F1 teams receive advance payments amid crisis
Formula 1 teams have have received payments in advance in order to protect the sport's "ecosystem" amid the coronavirus crisis.
Teams are paid a percentage of F1's overall income, which has taken a major hit as more and more races are lost from the calendar.
The top teams have some guaranteed fees under deals negotiated in the Bernie Ecclestone era, but those further down the field rely solely on a share of F1's ongoing profitability.
Liberty Media president and CEO Greg Maffei says that in order to help them through the current crisis, some teams have received early payments.
F1 is trying to plan a start to the season, even if that means races without spectators, in order to guarantee income from TV companies and its own sponsor partners.
"We have scenarios for zero races, anywhere from 15-18 races, races that begin with no fans present and only the teams," Maffei said in a call with Wall Street analysts.
"We really have a host of opportunities or challenges on all fronts. Chase [Carey] and his team are presented with multiple options – including until you know the timing how do you ask somebody to move an existing race in place of another race when you don't know when it's open?
"So we are watching how the opening of certain events is happening in Western Europe, in certain countries, and looking at options around that that maybe the start of the calendar. No guarantees yet, but that is certainly something that would be attempted."
Maffei stressed that races held behind closed doors would inevitably hit F1's income – and hence that of the teams – as such events won't involve a traditional host fee from promoters.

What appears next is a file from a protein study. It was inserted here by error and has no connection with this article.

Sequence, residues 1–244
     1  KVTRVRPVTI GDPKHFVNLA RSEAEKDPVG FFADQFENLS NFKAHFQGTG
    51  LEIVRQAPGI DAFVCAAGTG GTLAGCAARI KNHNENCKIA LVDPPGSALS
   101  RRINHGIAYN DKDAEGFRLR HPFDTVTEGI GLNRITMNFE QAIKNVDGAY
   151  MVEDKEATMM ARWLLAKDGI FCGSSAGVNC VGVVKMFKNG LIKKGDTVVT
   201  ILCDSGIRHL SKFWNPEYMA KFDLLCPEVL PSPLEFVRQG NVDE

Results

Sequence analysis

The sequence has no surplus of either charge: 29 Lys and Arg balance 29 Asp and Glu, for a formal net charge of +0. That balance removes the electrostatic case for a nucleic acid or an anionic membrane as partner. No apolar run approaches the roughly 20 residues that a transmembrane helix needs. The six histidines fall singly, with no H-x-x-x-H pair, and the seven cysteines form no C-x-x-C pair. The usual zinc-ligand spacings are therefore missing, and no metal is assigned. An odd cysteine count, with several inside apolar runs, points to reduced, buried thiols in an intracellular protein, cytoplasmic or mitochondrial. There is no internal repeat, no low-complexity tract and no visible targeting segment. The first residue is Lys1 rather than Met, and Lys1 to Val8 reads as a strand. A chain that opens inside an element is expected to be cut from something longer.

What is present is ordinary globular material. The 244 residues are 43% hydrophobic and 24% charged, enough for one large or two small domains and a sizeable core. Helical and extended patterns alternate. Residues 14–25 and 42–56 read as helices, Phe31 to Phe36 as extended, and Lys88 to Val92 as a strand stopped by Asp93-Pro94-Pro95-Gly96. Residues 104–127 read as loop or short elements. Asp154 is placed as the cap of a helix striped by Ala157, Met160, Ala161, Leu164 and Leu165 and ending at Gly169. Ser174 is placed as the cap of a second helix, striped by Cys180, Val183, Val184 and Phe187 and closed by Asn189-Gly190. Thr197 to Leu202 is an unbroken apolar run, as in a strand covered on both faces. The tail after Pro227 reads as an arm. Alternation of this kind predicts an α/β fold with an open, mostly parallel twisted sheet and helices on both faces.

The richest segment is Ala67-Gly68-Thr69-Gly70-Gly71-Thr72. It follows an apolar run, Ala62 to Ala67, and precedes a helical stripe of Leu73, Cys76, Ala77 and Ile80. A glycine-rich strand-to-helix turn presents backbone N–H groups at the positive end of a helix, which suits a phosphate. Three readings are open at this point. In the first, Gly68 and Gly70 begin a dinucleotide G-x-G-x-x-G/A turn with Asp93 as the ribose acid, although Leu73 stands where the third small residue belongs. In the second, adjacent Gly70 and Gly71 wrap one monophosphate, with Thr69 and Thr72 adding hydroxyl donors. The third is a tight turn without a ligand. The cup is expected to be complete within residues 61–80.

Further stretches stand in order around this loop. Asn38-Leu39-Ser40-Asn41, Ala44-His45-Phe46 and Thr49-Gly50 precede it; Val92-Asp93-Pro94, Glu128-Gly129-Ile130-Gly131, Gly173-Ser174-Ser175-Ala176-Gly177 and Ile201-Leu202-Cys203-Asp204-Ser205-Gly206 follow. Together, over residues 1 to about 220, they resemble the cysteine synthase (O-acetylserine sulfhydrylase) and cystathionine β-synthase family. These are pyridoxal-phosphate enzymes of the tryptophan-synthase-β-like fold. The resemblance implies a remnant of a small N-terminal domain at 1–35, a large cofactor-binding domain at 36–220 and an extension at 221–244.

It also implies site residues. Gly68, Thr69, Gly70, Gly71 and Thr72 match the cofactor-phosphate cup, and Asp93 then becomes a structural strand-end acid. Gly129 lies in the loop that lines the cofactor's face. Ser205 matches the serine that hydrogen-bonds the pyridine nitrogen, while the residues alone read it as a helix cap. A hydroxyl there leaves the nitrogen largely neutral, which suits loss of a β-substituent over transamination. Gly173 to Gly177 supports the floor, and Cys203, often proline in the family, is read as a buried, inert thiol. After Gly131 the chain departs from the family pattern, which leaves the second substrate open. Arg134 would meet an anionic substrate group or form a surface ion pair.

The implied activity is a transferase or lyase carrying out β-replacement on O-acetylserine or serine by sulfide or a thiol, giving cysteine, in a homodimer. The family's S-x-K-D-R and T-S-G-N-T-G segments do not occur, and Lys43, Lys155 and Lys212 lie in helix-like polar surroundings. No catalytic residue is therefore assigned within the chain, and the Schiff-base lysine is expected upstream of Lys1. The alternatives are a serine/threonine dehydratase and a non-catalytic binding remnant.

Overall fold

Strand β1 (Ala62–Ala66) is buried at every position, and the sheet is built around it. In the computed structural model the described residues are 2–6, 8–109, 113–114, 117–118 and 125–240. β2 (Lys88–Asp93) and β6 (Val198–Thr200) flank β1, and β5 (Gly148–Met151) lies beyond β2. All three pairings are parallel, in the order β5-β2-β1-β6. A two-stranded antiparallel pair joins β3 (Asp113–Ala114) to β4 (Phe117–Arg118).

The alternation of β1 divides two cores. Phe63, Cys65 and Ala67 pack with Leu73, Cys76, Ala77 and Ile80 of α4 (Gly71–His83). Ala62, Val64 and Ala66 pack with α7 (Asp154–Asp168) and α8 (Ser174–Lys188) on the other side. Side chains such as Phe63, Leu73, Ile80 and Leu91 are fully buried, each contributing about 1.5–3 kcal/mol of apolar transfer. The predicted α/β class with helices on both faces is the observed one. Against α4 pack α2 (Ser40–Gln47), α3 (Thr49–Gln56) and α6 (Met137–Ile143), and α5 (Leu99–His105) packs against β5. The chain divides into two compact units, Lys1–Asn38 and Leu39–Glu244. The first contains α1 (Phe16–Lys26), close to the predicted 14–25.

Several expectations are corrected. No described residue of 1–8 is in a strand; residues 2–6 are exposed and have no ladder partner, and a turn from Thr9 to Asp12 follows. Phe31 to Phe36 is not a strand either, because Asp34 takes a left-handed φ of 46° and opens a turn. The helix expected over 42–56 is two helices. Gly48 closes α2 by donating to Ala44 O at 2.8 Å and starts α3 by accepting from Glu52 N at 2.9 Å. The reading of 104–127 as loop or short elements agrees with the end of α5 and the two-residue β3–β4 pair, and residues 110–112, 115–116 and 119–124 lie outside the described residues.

"There are challenges around how you do all that which require incremental capital as well. If you run races with no live audience, we'll obviously have lower profitability, maybe even no profitability.
"We may be sufficiently capitalised to handle that for 2020, but there are teams which will incur costs, particularly those which don't have minimum guarantees from F1, and one of the major if not their major source of revenue is their share of the profits of F1.
"There's a degree that we're running profitable or not profitable races, but they still need to incur all their costs of running their terms. It's a challenge.
"How do we do something that is beneficial for fans, but also doesn't have the teams bankrupting themselves by conducted no profit, or loss, races?
"We're not encouraging using our cash in an unwise fashion, but we're trying to balance the operating business and its current results against the operating results of our partners in the form of the teams, who do incur large costs.
"We have advanced money in advance of team payments for certain teams already. There are cases where we may do more of that. There are other things that we might do to bridge teams that might need help.
"We're certainly not viewing this as an open chequebook. We want to make sure that teams are solvent because they are part of what we need to race successfully in 2020, 2021, and beyond."
Regarding how soon F1 could get up and running, Maffei contrasted the sport with baseball, in which Liberty had an interest via the Atlanta Braves.
"The lead time really depends on a lot of things, how quickly can you get a team or series of teams that have been viewed as 'clean' to a location, where that location is, I think there are a lot of variables there.
"There is a benefit here in that you probably don't need two weeks of spring training to get the drivers back in form the way you need to get the players back in form. The drivers can probably race any time if you can get them and their team to a location safely."
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